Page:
MRED MLS to feed real estate listings to Trulia

Members can 'opt in' to syndication program

The largest multiple listing service in the Midwest will syndicate listings to third-party listings portal Trulia.com when its members opt in to a new syndication service announced today.

Lisle, Ill.-based Midwest Real Estate Data (MRED) serves nearly 8,000 real estate offices and 40,000 real estate professionals in the metro Chicago area, including northern Illinois, southern Wisconsin and northwest Indiana.

Like many MLSs, MRED previously sent listings directly to only one third-party listing site, Realtor.com, which is operated by Move Inc. under an agreement with the National Association of Realtors.

MRED officials say the MLS is planning to expand the number of third-party sites it "self-syndicates" to, with the goal of improving the timeliness and accuracy of data across the Internet

"We chose to partner with Trulia first because of their industry-friendly Trulia Data Pledge," MRED CEO Russ Bergeron said in a statement. "We are confident that Trulia is going to protect our data and fairly represent our listings."

Trulia announced the data pledge last month, after Minnesota-based Edina Realty Inc. announced it would no longer provide listings to third-party sites because of concerns about accuracy and ads for competitors appearing alongside of listings.

The data pledge stipulates that Trulia will not resyndicate listings to other sites, and will make it easy for consumers to contact the source providing listings data and the listing agent, "based on the information provided to Trulia."

"Ads will be identified as ads to distinguish advertising from listings content," Trulia’s Ginger Wilcox promised in a post on the company’s blog. "We will remove ads that confuse consumers about the official agent or broker for a listing."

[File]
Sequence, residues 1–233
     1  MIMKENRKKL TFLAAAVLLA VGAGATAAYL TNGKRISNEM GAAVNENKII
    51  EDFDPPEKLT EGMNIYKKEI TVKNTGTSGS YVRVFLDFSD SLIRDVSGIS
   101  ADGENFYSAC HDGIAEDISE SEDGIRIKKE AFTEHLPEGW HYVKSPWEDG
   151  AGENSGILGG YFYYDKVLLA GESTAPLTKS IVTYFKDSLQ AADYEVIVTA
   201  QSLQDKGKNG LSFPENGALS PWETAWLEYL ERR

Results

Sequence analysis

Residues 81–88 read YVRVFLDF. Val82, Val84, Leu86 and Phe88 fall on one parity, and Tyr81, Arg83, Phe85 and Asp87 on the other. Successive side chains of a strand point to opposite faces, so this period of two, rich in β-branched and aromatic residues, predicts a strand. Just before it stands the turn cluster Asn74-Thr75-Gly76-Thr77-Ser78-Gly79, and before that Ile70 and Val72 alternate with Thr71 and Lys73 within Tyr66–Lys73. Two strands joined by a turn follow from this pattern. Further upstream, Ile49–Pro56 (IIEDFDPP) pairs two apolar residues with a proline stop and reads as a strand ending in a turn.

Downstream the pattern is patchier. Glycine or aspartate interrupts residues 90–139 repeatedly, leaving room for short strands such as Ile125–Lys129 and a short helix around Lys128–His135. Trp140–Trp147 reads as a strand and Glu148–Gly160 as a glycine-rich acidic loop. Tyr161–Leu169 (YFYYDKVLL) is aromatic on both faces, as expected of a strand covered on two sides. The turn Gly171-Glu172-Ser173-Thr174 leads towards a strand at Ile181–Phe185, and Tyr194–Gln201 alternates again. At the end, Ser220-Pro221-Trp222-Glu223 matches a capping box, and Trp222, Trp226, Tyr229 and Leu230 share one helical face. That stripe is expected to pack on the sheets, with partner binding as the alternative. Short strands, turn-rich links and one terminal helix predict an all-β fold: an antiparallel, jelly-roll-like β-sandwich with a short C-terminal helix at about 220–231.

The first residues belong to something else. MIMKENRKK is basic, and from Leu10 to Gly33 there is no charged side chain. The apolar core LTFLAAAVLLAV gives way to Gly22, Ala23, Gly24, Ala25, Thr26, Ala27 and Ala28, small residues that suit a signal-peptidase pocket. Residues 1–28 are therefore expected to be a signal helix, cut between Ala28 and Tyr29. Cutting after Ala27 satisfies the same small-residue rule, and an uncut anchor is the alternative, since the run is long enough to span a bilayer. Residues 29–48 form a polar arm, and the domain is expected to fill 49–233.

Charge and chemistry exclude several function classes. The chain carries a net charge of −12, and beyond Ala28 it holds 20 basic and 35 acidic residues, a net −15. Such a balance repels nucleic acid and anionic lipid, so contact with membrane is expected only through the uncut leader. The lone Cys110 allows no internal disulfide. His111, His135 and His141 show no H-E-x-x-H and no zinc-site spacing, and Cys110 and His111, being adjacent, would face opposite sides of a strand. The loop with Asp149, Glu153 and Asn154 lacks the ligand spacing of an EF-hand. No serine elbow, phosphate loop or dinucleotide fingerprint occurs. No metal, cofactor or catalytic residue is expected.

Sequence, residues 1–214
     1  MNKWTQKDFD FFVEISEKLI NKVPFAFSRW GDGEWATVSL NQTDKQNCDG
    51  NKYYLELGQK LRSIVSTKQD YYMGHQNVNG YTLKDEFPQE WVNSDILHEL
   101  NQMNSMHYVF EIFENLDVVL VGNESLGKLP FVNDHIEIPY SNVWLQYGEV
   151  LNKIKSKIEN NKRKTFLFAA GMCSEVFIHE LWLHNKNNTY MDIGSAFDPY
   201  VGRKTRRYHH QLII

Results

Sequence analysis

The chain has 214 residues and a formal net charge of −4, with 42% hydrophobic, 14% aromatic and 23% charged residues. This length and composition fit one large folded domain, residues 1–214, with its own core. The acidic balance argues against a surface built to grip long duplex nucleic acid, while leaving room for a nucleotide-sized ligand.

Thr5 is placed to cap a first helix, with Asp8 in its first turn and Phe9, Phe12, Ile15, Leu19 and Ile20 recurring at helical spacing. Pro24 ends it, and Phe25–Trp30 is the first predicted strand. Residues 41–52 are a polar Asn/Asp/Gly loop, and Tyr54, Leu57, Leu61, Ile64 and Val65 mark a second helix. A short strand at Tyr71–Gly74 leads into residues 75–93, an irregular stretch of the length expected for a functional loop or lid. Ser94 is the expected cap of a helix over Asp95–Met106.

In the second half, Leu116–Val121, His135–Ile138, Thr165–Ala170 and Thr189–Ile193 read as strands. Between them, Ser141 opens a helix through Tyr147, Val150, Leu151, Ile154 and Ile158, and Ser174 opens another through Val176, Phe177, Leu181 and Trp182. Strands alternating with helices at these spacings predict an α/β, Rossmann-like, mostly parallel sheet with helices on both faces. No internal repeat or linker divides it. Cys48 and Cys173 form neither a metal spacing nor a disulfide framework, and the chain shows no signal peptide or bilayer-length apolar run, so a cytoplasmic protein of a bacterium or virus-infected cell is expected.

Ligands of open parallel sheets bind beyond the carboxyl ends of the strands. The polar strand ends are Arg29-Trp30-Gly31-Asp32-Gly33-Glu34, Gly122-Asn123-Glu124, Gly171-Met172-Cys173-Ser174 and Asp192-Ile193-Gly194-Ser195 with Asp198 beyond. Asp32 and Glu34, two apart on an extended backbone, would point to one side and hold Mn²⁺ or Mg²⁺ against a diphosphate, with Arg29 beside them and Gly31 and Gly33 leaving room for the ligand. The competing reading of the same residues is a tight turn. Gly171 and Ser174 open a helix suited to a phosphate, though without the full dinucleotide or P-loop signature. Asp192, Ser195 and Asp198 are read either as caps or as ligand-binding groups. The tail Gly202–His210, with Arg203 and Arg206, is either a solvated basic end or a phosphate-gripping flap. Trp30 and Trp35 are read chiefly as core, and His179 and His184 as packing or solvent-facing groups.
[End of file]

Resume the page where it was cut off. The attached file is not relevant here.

Brokers typically display each other’s listings on their own websites by publishing Internet Data Exchange (IDX) feeds that are maintained by MLSs. Only MLS members may publish IDX listings, however.

Brokers who want their listings to appear on third-party sites like Realtor.com, Trulia and Zillow must "syndicate" them.

By agreeing to provide listings to Trulia directly when its members give it the go-ahead, MRED is simplifying the syndication process for them — and ensuring that the data comes straight from the source.

MRED’s policy is "opt in" — meaning members’ listings are not sent to Trulia or any other third-party site unless they direct MRED to do so.

Thanks to its ties to NAR, nearly all of the nation’s 900-plus MLSs syndicate listings to Realtor.com (Realtor.com also provides listings to AOL Real Estate).

Other third-party websites often rely on third-party companies that syndicate listings data to multiple sites. Some of the bigger third-party listings portals, like Trulia and Zillow, have been making headway in signing syndication agreements directly with brokers and MLSs.

Trulia declined to provide exact numbers, but said it has similar syndication agreements in place with the Houston Association of Realtors, Connecticut MLS, Northern Ohio Regional MLS, and San Jose, Calif.-based MLS Listings.

This month, the nation’s fourth-largest broker, Pittsburgh-based Howard Hanna Real Estate Services, said it had signed separate marketing agreements with Realtor.com and Zillow to promote its listings on the sites, unaccompanied by ads or lead forms for competing brokerages. Howard Hanna will provide listings directly to Zillow.com under the terms of that agreement

In responding to Edina’s decision to pull its listings from Trulia, the company characterized the move as "bad for agents (and) consumers." If listing agents want to be the only agent displayed on lead forms that appear next to listings, "all they need to do is create a free account with Trulia," the company said.

Providing "highly accurate listing information to consumers" is one of the company’s top priorities, the company said, noting that a study Trulia conducted of third-party listing sites concluded that 69 percent of inaccurate data came from third-party syndicators.

"While Trulia does receive data from these sources, our algorithms select the highest-quality source of listings data to display on our site," the company said. "When available, we always display higher-quality listings data sent directly from MLSs or brokerages, like Edina, instead of poorer-quality data from third-party syndicators."


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